Average nominal value of outstanding mortgage loans during the
End of period

                                                $        3,000,274           $     3,772,228
Net recoveries (charge-offs)                                                  -                        26
Net charge-offs to average loans outstanding during the year
ending                                                                        -   %                     -  %

                                                                                          As of December 31,
                                                              As of March 31, 2022               2021
Mortgage loans held for portfolio, par value                 $        2,955,167           $     3,072,075
Nonaccrual loans, par value                                              17,004                    21,384
Allowance for credit losses on mortgage loans                             1,600                     1,700

Allowance for credit losses on mortgages held for
wallet

                                                                  0.05   %                  0.06  %
Nonaccrual loans to mortgage loans held for portfolio                      0.58                      0.70
Allowance for credit losses to nonaccrual loans                            9.41                      7.95



Mortgage Insurance Companies. We are exposed to credit risk from primary
mortgage insurance coverage (PMI) on individual loans. As of March 31, 2022, we
were the beneficiary of PMI coverage of $65.8 million on $251.6 million of
conventional mortgage loans. These amounts relate to loans originated with PMI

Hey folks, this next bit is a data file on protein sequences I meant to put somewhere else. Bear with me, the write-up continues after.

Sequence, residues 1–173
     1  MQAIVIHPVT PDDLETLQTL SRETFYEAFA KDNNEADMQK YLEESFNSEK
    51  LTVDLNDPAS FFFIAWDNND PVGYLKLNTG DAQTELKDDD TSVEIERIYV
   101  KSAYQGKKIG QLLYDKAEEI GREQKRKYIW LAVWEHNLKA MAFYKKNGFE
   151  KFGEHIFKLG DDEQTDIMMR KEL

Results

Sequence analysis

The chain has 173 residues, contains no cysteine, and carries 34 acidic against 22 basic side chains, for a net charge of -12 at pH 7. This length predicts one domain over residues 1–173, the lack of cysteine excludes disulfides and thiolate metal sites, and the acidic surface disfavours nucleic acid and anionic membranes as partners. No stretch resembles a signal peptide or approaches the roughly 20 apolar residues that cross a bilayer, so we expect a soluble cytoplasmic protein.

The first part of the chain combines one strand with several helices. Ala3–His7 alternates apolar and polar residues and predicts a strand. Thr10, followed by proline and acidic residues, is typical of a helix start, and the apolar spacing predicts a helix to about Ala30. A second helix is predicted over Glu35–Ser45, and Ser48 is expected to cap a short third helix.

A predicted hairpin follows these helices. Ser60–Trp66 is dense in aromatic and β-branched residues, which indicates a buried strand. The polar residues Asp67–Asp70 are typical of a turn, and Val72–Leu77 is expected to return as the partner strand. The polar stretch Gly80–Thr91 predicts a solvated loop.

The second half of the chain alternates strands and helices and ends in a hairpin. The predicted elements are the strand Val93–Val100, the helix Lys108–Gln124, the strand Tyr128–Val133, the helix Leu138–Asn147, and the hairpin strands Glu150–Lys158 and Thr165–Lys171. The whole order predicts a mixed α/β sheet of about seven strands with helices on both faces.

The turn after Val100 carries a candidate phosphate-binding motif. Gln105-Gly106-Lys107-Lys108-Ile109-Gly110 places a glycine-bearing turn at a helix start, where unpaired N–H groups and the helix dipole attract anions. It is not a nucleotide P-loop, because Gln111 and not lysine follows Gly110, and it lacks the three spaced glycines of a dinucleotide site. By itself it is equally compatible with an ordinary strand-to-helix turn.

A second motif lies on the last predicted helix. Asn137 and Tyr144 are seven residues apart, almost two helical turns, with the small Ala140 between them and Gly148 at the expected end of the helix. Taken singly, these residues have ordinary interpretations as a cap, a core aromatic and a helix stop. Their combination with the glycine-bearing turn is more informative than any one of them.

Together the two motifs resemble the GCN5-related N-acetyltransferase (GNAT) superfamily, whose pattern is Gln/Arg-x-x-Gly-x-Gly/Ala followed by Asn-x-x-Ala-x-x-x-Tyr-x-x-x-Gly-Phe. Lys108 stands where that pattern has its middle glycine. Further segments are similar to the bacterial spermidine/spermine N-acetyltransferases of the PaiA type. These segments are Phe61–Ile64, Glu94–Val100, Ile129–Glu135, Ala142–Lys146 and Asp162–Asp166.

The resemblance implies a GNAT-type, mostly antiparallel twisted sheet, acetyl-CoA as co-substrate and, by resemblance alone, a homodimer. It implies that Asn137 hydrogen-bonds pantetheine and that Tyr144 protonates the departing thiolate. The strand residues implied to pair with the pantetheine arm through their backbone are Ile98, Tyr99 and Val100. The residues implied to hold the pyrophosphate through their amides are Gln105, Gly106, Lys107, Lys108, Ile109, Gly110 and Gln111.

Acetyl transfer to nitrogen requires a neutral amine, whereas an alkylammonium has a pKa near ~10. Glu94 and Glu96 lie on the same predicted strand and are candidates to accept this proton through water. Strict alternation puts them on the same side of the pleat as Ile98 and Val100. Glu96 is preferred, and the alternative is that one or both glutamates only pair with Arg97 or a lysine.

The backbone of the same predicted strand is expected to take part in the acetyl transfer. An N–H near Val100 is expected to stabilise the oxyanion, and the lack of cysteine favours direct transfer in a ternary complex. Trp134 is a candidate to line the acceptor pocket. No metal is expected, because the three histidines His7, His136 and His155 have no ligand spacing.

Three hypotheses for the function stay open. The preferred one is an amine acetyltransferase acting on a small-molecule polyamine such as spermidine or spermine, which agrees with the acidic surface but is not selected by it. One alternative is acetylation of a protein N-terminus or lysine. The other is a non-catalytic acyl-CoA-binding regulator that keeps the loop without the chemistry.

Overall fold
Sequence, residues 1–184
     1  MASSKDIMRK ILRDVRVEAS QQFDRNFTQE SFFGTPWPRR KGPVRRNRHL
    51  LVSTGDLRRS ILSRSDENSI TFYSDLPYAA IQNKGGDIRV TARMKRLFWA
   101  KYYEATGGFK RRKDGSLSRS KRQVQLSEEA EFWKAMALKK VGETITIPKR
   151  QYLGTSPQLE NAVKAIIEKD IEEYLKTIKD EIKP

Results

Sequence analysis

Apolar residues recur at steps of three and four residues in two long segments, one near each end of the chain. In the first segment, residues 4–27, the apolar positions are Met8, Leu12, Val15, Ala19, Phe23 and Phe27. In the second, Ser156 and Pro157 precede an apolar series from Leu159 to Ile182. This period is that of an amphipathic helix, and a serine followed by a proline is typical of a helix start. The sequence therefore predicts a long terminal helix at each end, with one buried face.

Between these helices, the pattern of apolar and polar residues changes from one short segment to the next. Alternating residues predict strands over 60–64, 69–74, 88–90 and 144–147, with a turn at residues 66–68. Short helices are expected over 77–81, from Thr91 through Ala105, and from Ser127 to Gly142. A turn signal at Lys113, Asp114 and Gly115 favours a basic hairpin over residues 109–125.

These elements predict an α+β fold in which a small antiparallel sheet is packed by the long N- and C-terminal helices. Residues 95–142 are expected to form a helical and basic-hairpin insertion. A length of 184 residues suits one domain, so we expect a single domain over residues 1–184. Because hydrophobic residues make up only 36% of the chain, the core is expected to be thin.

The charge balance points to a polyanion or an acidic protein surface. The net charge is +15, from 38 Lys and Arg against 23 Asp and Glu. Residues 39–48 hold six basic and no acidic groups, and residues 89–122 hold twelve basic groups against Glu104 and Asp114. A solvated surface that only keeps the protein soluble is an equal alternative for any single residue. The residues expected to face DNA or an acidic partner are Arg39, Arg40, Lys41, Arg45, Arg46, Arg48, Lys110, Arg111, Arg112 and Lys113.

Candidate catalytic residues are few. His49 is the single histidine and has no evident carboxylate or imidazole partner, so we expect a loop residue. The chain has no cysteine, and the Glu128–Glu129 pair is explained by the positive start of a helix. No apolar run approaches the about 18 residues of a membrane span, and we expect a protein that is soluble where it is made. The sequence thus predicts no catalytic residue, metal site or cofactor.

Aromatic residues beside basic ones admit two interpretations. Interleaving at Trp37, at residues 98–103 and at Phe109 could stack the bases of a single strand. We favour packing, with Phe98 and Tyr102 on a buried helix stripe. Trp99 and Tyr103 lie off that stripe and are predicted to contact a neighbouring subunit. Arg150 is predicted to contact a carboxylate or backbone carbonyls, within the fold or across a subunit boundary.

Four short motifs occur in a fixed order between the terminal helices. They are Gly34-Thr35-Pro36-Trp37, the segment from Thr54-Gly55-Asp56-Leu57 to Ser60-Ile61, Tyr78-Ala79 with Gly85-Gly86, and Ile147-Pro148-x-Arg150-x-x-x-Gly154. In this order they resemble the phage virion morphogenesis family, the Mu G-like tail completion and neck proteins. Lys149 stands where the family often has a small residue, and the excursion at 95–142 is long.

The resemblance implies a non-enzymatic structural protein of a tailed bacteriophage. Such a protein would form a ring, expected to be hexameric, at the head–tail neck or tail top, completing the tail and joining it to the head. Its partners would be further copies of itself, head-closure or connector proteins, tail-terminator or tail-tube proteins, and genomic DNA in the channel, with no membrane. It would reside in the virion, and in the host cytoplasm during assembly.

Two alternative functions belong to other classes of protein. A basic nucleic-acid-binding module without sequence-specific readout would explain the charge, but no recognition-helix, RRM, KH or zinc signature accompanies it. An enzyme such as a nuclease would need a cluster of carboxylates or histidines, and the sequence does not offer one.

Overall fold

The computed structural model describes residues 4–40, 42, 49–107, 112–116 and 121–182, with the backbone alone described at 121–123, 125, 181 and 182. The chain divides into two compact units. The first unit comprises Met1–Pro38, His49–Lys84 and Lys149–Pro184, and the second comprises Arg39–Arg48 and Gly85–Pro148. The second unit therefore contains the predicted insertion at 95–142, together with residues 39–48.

and for which current loan-to-value ratios exceed 78 percent (determined by
recalculating the original loan-to-value ratio using the current unpaid
principal balance divided by the appraised home value at the time of loan
origination).

We have analyzed our potential loss exposure to all of the mortgage insurance
companies and do not expect incremental losses based on these exposures at this
time.

Consolidated Obligations

See – Liquidity and Capital Resources for more information on our COs.

Derivatives

All derivatives are recorded on the statement of condition at fair value and
classified as either derivative assets or derivative liabilities. Bilateral and
cleared derivatives outstanding are classified as assets or liabilities
according to the net fair value of derivatives aggregated by each counterparty.
Derivative assets' net fair value, net of cash collateral and accrued interest,
totaled $410.5 million and $378.5 million as of March 31, 2022, and December 31,
2021, respectively. Derivative liabilities' net fair value, net of cash
collateral and accrued interest, totaled $29.3 million and $38.9 million as of
March 31, 2022, and December 31, 2021, respectively.

The following table presents a summary of the notional amounts and estimated
fair values of our outstanding derivatives, excluding accrued interest, and
related hedged item by product and type of accounting treatment as of March 31,
2022, and December 31, 2021. The notional amount represents the hypothetical
principal basis used to determine periodic interest payments received and paid.
However, the notional amount does not represent an actual amount exchanged or
our overall exposure to credit and market risk.
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Table 13 - Hedged Item and Hedge-Accounting Treatment
(dollars in thousands)

                                                                                                                     March 31, 2022                          December 31, 2021
                                                                                                              Notional               Fair               Notional               Fair
Hedged Item                                           Derivative                 Designation(2)                Amount                Value             
 Amount               Value